The Economics Department

Charity-Joy Acchiardo


Associate Professor of InstructionPh.D., George Mason University

Charity-Joy Acchiardo

Contact

  • Office: 2.120
  • Office Hours: Fall 2021 | By appointment on Zoom; schedule through Canvas
  • Campus Mail Code: C3100

Biography


Charity-Joy Acchiardo is a Senior Lecturer in the Department of Economics at the University of Texas at Austin. She also serves as the Executive Director of the Journal of Economics Teaching.  Her work in economic education is multifaceted and includes:  Dystopia and Economics: A Guide to Surviving Everything from the Apocalypse to Zombies; “Dismal Dating” a student’s guide to romance using the economic way of thinking; a compilation of entries from Humans of New York that serves as a springboard for economic inquiry; her websites econkahoots.com and econshark.com and many other resources dedicated to making the economics classroom more engaging. Dr. Acchiardo's passion is sharing her joy about economics with others, and she is a frequent speaker, both domestically and internationally, at workshops for educators and students.

 

Courses


ECO 330T • Experimental Economics

34525 • Spring 2022
Meets TTH 2:00PM-3:30PM WAG 420
Wr

OPEN TO NONMAJORS. TOPICS MAY INCLUDE ECONOMIC THEORY, APPLICATIONS, AND POLICY. ECONOMICS 330T AND 350K MAY NOT BOTH BE COUNTED UNLESS THE TOPICS VARY.
 

 

 

S S 302F • Hon Social Sci: Economics

41610 • Spring 2022
Meets TTH 11:00AM-12:30PM PHR 2.114
SB

Course Number: S S 302F 

Course Title: Economics of Love and Marriage  

Semester/Year: Spring 2022 

Instructor Name: Charity-Joy Acchiardo 

Description 

In this course, we will look at the topics of love and marriage from a slightly different perspective than it is often seen! This will reveal fascinating insights into human behavior that broaden our understanding of the truly social science of economics. 

Economics is about the choices individuals make regarding their limited resources (like money, time, and love).  We’ll start by discussing the foundational principles of economics and then apply them to different situations within our area of focus.   

Be the end of this semester we will be able to answer questions like the following:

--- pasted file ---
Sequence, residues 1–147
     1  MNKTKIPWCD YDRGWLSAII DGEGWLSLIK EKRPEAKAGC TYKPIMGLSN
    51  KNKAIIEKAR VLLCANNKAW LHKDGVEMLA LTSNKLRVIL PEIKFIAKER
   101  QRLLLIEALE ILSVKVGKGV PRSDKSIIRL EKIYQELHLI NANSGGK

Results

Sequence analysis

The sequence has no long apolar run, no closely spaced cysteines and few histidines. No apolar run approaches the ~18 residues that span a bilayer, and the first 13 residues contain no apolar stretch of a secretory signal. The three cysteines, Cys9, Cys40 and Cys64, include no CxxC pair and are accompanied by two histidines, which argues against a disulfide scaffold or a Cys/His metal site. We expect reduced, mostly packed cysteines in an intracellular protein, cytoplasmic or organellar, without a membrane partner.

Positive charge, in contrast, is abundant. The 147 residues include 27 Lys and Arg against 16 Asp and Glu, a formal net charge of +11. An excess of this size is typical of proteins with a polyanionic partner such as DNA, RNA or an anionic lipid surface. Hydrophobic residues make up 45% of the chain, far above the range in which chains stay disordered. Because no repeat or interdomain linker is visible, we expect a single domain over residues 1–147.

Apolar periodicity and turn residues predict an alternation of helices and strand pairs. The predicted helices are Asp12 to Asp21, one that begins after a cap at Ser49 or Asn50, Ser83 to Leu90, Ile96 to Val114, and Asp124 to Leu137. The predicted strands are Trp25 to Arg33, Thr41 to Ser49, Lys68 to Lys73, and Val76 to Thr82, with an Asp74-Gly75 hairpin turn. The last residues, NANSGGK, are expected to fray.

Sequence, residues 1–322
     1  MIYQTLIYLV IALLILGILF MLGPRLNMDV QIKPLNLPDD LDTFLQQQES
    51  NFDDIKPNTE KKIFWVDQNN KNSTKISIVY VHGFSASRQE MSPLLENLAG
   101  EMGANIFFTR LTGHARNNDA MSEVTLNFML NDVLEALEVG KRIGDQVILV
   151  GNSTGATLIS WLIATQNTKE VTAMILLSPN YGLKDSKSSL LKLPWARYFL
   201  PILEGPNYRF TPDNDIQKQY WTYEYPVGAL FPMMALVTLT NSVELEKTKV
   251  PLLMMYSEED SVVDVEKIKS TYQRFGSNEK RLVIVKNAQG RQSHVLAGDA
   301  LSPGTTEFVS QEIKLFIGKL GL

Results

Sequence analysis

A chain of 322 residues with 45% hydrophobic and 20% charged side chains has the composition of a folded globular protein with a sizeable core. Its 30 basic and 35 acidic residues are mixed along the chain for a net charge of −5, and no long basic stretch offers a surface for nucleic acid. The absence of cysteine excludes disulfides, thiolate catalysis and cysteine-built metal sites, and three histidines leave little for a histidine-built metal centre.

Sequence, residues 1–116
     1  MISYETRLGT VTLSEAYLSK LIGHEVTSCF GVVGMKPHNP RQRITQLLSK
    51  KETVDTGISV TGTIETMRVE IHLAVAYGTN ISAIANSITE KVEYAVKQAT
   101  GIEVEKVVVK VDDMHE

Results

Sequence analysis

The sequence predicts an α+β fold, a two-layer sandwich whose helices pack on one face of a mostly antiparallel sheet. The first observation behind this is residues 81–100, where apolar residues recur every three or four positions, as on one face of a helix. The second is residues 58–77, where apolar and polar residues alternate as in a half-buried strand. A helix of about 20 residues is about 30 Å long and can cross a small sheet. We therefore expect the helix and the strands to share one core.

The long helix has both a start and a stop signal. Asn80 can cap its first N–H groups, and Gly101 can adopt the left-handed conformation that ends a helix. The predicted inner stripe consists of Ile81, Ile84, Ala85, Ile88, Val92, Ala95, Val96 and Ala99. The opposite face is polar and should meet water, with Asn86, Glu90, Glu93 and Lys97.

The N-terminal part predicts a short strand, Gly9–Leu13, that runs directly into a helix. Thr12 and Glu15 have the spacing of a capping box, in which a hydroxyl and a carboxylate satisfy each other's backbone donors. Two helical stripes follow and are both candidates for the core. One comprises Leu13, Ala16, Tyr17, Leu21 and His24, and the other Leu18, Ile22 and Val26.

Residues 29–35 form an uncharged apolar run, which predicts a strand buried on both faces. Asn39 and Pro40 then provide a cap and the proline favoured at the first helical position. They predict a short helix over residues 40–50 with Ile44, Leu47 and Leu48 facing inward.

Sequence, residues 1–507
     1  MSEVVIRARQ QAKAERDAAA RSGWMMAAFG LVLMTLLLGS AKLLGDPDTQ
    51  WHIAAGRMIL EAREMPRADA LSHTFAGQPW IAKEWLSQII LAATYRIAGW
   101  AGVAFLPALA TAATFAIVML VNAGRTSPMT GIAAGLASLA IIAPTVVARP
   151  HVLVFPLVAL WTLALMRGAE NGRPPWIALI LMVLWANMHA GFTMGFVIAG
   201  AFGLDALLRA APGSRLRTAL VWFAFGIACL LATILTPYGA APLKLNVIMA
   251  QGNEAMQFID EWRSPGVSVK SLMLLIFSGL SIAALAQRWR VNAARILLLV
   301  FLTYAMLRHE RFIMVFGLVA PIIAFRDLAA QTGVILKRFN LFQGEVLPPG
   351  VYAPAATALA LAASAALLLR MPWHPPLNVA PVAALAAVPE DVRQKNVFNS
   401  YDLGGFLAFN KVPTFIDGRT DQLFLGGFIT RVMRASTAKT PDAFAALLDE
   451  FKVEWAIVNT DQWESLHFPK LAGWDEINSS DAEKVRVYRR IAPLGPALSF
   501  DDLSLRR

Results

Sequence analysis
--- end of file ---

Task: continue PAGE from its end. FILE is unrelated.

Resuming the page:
• What factors influence the average age of marriage and why? 
  • How do marriage laws affect the behaviors of individuals in long-term relationships? 
  • Are our choices in love strictly rational, or are they influenced by various cognitive biases? 
  • In what ways does the organization of a society and its economy affect dating and marriage? 
  • In what ways do the dating and marriage customs of a society affect its economy? 

This course will require your full and active participation. The topics covered will often be for “mature audiences” and may represent views different from your own.  You are encouraged to discuss these differences in a respectful manner. 

Required Texts 

Acchiardo, C. and N. Malek. 2020 “Dismal Dating: A Student’s Guide to Romance Using the Economic Way of Thinking” The Journal of Private Enterprise, 35(3): 93-108. 

Adshade, Marina. 2013.  Dollars and Sex: How Economics Influences Sex and Love. San Francisco, CA: Chronicle Books.  

Ariely, D. (2010). The Upside of Irrationality: The Unexpected Benefits of Defying Logic at Work and at Home. New York, NY: Harper. 

Birger, Jon. 2015. Date-onomics: How Dating Became a Lopsided Numbers Game. New York: Workman Publishing.  

Coleman, M. 2009. “Sunk Cost and Commitment to Dates Arranged Online.” Current Psychology, 28 (1): 45–54. 

Kendall, T. D. 2011. “The Relationship between Internet Access and Divorce Rate” Journal of Family and Economic Issues. 32 (2): 449-460 

Herpin N. 2005. “Love, Careers, and Heights in France, 2001.” Economics and Human Biology, 3 (3): 420-449.